C. Sources of Personnel

Level B and C field consultants and lead persons (change agents in Level C) could be drawn from occupational sectors such as the following:

Agriculture

- Workers from the following areas: agronomy, dairy, poultry, fisheries, bee keeping, sericulture, horticulture, food preservation and processing, marketing, beef fattening.

Construction

- Estimators, draftsmen, supervisors, masons, carpenters, plumbers, painters and interior decorators.

Electrical

- Linesmen, repair and maintenance personnel for radio, T.V., other appliances, telephone and switch board mechanics, lift mechanics, motor rewinders, operators and maintenance repairers of electromedical equipment.

Metal Work

- Fitters, turners, welders, grinders, blacksmiths, tinsmiths, millwrights, tool makers, moulders, pattern makers.

Transportation

- Operators and mechanics for motor vehicles, tractors, motor cycles, hysters, all earth moving machinery, and agricultural implements.

Marine personnel

- Speedboat, motor launch and other boat maintenance

Printing trades

- Book binders, camera operators, graphic designers, printing machine operators.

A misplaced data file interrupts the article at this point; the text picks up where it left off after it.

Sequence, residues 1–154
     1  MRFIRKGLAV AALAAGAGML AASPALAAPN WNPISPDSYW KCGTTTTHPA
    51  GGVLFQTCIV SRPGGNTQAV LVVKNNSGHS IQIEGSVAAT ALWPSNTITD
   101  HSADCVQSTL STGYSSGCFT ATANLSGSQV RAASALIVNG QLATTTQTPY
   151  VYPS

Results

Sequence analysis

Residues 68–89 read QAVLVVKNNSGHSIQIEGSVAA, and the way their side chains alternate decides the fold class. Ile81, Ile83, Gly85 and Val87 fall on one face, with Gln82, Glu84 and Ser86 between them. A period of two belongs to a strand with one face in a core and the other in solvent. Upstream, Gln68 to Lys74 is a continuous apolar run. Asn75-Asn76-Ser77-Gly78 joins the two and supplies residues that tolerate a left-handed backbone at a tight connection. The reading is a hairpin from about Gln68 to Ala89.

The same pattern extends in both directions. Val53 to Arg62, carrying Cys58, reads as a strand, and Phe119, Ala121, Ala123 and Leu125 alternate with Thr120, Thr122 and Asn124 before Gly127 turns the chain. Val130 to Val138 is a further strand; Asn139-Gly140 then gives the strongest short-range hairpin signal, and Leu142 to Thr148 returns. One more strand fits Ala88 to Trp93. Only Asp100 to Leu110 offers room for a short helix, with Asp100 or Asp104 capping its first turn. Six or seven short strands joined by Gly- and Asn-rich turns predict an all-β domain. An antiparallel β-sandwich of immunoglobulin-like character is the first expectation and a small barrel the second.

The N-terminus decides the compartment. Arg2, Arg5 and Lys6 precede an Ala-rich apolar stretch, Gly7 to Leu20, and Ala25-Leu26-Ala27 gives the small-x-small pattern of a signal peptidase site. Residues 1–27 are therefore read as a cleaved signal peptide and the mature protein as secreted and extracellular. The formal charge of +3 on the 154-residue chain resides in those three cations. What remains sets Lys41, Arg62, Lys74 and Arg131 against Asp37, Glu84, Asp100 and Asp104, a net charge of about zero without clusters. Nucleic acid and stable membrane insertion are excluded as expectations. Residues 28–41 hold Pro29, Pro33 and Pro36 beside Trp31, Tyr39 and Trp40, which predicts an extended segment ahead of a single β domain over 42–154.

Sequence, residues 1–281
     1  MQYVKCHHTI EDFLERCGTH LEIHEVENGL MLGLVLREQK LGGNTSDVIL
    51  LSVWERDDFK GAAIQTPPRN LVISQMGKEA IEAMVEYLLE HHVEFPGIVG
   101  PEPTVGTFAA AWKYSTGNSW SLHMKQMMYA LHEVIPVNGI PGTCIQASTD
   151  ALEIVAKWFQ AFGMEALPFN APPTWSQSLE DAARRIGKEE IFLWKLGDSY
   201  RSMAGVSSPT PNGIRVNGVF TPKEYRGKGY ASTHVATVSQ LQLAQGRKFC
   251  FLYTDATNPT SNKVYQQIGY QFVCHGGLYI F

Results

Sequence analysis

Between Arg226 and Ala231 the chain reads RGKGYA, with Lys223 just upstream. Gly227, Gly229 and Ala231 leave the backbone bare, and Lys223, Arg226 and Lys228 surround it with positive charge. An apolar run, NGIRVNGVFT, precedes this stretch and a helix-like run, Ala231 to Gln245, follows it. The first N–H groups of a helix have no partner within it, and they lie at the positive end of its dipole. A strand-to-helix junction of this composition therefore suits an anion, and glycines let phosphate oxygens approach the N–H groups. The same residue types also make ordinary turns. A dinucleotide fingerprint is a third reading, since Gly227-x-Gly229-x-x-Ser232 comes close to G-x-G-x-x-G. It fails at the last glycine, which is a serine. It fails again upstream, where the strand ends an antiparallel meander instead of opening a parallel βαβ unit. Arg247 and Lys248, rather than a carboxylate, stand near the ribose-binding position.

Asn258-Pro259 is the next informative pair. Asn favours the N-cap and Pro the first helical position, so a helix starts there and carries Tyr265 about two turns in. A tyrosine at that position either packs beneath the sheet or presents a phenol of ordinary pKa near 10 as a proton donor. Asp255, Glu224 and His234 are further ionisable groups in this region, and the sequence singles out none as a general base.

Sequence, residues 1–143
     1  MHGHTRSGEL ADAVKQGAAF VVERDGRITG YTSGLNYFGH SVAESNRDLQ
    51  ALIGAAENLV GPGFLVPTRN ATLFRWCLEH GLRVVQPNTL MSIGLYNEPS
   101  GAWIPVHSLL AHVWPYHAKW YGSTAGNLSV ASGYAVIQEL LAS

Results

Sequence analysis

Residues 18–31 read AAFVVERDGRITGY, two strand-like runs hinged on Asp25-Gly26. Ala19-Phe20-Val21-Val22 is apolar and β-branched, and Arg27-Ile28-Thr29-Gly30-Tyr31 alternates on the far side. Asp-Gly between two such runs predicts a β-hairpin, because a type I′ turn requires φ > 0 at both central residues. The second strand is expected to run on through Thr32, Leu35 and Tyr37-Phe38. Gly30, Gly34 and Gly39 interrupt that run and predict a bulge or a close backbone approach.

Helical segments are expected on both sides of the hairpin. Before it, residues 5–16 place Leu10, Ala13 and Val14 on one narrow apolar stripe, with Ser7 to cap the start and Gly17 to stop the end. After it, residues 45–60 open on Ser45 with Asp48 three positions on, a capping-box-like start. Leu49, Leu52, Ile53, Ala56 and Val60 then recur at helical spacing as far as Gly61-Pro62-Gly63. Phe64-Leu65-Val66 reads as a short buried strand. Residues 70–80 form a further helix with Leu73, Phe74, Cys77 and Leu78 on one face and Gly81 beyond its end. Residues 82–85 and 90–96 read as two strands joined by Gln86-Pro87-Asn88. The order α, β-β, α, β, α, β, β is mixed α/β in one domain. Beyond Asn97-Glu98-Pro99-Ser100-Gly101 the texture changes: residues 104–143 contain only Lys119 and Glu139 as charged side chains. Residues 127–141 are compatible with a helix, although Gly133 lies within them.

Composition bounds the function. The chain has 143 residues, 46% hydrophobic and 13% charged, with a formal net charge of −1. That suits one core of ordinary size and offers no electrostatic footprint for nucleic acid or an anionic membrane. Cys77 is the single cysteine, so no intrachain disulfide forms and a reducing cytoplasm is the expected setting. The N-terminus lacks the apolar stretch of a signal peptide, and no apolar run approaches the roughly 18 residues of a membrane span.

Garments & Textiles

- Cutters, tailors, printers, sewing machine textiles operators, wool knitting personnel, weavers, carpet weavers.

Catering

- Cooks, bakers, waiters, housekeepers, hotel front lobby personnel.

Secretarial

- Typists, stenographers, computer programmers, personal secretaries, word processors, clerks, accountants and book keepers, office machine operators, interpreters and translators, telephone/fax/telex operators.

Cottage industry and Micro businesses

- Workers involved in pottery, weaving, cane work, bamboo work, pulse husking, oil making, soap manufacturing, rice trading, grocery shops, leather products, handmade paper, jewelry work, gem cutting, and fish hatcheries.

Other miscellaneous occupations

- Beauticians, tourist guides and travel agents, sales and distributive personnel, watch and ward service personnel, gardeners, laundry operators, club assistants, compounders, real estate brokers, and health, nutrition and family planning workers, midwives and housewives.